Flame and Magnetism
Name: Ralph F. O.
Date: Saturday, May 25, 2002
Why does a candle flame go out when you place a piece
of coiled copper wire around it? i.e., a piece of copper wire is wrapped
around a pencil to form a loose series of coils (5-6). It is held by
the straight piece that was not coiled, and the coiled portion is placed
around a candle flame so the flame is in the center. The flame
appears to go out but relights when the coil is removed.
The copper coil cools the gas envelope of the flame to the point where it is
no longer hot enough to enable combustion. I suspect that if you hold the
coil in the flame zone for a while after the flame goes out it would not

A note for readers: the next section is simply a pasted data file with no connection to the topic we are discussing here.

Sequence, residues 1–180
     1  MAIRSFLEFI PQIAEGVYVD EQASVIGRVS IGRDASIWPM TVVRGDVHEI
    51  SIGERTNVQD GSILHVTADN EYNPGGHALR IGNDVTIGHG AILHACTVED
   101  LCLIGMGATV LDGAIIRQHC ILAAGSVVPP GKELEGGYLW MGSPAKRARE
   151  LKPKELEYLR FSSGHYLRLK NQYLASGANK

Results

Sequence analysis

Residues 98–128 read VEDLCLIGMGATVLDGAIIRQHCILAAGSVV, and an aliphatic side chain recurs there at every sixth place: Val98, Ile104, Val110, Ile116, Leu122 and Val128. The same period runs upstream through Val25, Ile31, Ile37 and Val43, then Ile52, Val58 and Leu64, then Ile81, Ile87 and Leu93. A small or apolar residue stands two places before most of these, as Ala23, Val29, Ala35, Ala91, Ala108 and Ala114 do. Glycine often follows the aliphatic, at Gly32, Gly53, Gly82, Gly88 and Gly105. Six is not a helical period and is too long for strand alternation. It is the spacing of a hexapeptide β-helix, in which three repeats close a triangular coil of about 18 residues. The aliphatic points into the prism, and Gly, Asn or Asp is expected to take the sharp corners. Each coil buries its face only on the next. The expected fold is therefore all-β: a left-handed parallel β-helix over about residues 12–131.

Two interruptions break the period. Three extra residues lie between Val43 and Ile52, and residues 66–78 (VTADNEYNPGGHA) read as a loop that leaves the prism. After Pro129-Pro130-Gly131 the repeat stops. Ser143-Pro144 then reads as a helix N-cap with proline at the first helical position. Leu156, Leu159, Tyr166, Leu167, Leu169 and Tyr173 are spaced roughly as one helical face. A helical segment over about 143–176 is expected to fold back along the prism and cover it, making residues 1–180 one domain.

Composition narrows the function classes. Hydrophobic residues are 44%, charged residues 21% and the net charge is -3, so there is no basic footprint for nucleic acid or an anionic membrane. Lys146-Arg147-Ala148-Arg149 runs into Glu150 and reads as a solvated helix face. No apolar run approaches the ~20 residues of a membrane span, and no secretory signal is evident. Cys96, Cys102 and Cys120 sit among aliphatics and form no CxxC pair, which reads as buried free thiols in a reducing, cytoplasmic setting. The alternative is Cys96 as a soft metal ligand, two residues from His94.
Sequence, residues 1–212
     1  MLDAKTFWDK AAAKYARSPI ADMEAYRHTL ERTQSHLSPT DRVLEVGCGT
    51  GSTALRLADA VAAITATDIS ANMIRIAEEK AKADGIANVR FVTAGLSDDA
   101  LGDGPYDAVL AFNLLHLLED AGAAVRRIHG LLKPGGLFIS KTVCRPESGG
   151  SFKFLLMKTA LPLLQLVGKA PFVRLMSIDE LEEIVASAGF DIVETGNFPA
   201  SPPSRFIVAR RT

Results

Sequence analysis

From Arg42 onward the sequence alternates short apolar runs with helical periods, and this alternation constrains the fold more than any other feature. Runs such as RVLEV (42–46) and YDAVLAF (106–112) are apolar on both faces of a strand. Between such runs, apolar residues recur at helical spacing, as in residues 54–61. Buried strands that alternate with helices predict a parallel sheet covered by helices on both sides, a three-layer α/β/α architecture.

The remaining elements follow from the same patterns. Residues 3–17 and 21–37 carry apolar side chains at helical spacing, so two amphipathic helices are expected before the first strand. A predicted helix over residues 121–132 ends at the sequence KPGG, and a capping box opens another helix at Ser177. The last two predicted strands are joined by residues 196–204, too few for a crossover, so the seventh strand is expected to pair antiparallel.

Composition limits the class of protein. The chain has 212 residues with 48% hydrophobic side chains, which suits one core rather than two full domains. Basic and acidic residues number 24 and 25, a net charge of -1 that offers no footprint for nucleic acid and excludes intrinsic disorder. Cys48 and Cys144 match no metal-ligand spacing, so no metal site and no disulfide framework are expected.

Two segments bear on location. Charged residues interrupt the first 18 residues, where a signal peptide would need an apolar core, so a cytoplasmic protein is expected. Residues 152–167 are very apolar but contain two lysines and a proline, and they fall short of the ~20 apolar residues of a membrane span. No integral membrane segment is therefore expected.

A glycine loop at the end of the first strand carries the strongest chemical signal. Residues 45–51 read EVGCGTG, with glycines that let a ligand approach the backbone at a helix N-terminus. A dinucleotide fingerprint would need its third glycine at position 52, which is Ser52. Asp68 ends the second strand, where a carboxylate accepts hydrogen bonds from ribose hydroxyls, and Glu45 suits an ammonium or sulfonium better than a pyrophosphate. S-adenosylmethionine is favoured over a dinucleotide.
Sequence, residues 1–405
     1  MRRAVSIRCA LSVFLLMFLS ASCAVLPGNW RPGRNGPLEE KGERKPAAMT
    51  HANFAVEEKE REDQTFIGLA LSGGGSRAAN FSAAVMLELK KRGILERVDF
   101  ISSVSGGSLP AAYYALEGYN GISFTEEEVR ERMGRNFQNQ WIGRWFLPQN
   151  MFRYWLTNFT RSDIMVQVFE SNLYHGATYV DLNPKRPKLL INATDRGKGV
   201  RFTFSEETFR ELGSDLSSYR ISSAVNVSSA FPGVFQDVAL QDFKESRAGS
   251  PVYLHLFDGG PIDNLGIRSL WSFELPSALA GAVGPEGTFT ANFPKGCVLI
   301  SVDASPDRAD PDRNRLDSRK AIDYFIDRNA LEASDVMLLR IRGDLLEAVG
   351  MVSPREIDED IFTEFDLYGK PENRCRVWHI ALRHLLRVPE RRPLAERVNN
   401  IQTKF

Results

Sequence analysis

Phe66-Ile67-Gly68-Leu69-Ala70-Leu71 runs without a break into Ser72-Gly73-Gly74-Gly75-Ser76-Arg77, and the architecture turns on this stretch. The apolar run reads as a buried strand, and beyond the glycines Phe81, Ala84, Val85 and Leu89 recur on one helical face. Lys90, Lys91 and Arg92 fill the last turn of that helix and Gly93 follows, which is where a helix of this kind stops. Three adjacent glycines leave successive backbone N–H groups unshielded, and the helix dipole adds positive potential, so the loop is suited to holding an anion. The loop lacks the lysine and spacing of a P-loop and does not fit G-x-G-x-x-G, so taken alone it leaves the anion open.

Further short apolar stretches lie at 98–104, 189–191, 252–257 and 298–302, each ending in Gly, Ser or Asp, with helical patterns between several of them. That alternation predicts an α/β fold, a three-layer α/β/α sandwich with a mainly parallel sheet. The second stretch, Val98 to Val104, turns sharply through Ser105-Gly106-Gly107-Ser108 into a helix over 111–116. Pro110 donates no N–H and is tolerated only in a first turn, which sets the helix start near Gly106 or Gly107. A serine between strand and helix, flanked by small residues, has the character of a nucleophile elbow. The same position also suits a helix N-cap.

re-ignite because the combustion environs would cool below the ignition
point of the gases.
Combustion requires three things: fuel (wax here), oxygen (air here),
ignition temperature (a match here probably). Remove one and the combustion
stops -- that's the principles firemen use to put out fires. In the case of
your candle the high thermal conductivity of copper probably is conducting
sufficient heat from the flame that the flame goes out, but the heat
capacity of the melted wax, wick, etc. probably "holds" enough heat that the
temperature exceeds the ignition temperature if the copper wire is removed.
If this mechanism is operating you can test it by holding the copper coil
around the flame area for some time, so that the molten wax and wick cool,
the flame will not re-ignite when you remove the copper coil.
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Update: June 2012